Rich and detailed. It’s about accidents of fate, and the people and works of art and experiences that shape our lives even before our birth—what reader doesn't vibrate at that frequency?”—Lydia Kiesling, Slate

“Auster illuminates how the discrete moments in one’s life form the plot points of a sprawling narrative, rife with possibility.”—Library Journal (starred review)

Mesmerizing . . . . A wonderful work of realist fiction and well worth the time.”—Read it Forward

Frisky and sinuous . . . energetic. . . . A portrait of a cultural era coming into being . . . the era that is our own.”—Tablet magazine

“Almost everything about Auster's new novel is big. . . Satisfyingly rich in detail . . . . A significant and immersive entry to a genre that stretches back centuriesand includes Augie March and Tristram Shandy.”—Publishers Weekly

Library Journal
★ 01/01/2017
Critics were quick to describe Autser's Invisible, a quaternary tale that told a contiguous narrative across a multitude of voices and authors, as a mere exercise in textual irony, lacking readability and substance. Here, the author has greater success as he returns to the four-part literary form with the coming-of-age story of Archibald Ferguson. Set in the 20th century, this novel chronicles Archibald's maturation through four possible, yet divergent, life paths. Family fortunes, careers, and hometowns shift and change as Archibald's life unfolds across each metaphorical fork in the road. However, one constant remains: his love for Amy Schneiderman. By interweaving each chapter into a single narrative and playing with metafiction, Auster winks at the multitude of universes contained within a single story and slyly presents the reader with essentially four drafts of a novel in progress. VERDICT Fusing the many-worlds interpretation of quantum mechanics with the bildungsroman literary genre, Auster illuminates how the discrete moments in one's life form the plot points of a sprawling narrative, rife with possibility. [See Prepub Alert, 7/22/26.]—Joshua Finnell, Los Alamos National Lab., NM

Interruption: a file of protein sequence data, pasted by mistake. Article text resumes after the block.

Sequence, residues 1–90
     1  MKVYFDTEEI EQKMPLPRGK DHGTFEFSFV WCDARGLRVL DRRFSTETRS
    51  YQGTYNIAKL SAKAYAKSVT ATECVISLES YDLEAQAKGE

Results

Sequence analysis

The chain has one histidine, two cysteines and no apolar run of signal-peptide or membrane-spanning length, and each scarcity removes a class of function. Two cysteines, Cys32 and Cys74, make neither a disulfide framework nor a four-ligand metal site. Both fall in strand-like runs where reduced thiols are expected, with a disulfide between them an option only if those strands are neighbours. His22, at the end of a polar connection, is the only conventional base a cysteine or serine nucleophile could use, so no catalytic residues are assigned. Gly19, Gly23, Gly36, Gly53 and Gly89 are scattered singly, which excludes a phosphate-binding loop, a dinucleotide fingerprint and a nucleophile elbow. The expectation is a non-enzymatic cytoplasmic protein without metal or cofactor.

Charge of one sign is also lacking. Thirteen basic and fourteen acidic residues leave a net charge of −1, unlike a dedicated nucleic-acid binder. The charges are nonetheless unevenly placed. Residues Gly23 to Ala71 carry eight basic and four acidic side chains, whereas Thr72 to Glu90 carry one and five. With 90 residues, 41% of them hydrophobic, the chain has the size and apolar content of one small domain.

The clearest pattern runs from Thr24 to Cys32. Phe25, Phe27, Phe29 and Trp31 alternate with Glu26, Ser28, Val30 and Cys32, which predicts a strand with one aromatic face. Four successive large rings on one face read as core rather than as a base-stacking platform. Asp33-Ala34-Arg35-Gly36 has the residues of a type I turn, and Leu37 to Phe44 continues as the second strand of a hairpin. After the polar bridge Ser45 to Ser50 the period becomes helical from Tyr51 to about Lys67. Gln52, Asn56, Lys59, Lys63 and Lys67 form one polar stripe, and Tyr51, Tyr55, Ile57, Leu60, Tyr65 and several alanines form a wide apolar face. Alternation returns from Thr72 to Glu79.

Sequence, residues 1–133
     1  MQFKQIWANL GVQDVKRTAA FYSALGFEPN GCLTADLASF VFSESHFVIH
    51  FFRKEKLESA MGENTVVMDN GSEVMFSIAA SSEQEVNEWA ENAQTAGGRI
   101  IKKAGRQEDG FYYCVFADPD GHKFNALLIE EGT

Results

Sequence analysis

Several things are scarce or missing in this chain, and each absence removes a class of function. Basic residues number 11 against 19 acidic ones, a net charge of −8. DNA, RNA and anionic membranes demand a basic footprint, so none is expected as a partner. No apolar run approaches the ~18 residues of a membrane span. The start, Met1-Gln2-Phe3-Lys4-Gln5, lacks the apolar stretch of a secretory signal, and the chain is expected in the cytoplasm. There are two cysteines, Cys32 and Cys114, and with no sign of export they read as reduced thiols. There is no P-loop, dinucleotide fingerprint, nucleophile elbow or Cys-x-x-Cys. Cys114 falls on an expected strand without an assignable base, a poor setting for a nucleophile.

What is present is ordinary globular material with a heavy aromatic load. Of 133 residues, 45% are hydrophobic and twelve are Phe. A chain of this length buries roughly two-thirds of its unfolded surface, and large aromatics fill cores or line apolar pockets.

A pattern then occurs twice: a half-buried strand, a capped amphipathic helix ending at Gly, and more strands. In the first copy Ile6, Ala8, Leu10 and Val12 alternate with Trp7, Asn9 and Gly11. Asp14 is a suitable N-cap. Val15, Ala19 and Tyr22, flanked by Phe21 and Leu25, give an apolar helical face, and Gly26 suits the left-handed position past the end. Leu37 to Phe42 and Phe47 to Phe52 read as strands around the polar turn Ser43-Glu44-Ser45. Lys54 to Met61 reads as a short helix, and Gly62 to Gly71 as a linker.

Kirkus Reviews
★ 2016-12-06
Four versions of an ordinary life. Auster's first novel in seven years is nothing if not ambitious: a four-part invention, more than 800 pages, that follows the life (or lives) of Archie Ferguson, despite his name a child of Jewish Newark, born in the 1940s. If such a territory seems well-traveled (Philip Roth, anyone?), Auster, as he often does, has something more complex in mind. Indeed, his subject in these pages is identity: not how it gets fixed but rather all the ways it can unfurl. To that end, he develops the book as four distinct narratives, each imagining a different life for Archie depending on the circumstances faced by himself and his family. It's an ingenious move, and when it works, which is often, it gives a sense of breadth and scope, of unpredictability, to the novel as a whole. This is underscored by Auster's decision to keep the rest of the book naturalistic, taking place in an identifiable world. Thus, once young Ferguson discovers baseball, he watches Game 1 of the 1954 World Series, Giants versus Indians, in which Willie Mays made his legendary catch. Later, he will end up in Europe as an aesthete, or as a student transferring to Brooklyn College, or in Rochester, New York, as a journalist reporting on the aftermath of the 1960s and the bombing of Cambodia. The history helps to keep us rooted, both because it's recognizable and also because it remains consistent across the novel's narratives, its variations on this single life. So, too, Auster's sense of possibility, his understanding that what all his Fergusons have in common, with us and with one another, is a kind of quiet intensity, a striving to discover who they are. "It could never end," he writes about one incarnation of the character. "The sun was stuck in the sky, a page had gone missing from the book, and it would always be summer as long as they didn't breathe too hard or ask for too much, always the summer when they were nineteen and were finally, finally almost, finally perhaps almost on the brink of saying good-bye to the moment when everything was still in front of them." With this novel, Auster reminds us that not just life, but also narrative is always conditional, that it only appears inevitable after the fact.

Product Details

ISBN-13:
9781627794466
Publisher:
Holt, Henry & Company, Inc.
Publication date:
01/31/2017
Pages:
880
Sales rank:
8,885
Product dimensions:
6.30(w) x 9.30(h) x 1.90(d)

Meet the Author

Paul Auster is the bestselling author of Winter Journal, Sunset Park, Invisible, The Book of Illusions, and The New York Trilogy, among many other works. He has been awarded the Prince of Asturias Award for Literature, the Prix Médicis étranger, an Independent Spirit Award, and the Premio Napoli. He is a member of the American Academy of Arts and Letters, the American Academy of Arts and Sciences, and is a Commandeur de l'Ordre des Arts et des Lettres. He lives in Brooklyn, New York.

Brief Biography

Hometown:
Brooklyn, New York
Date of Birth:
February 3, 1947
Place of Birth:
Newark, New Jersey
Education:
B.A., M.A., Columbia University, 1970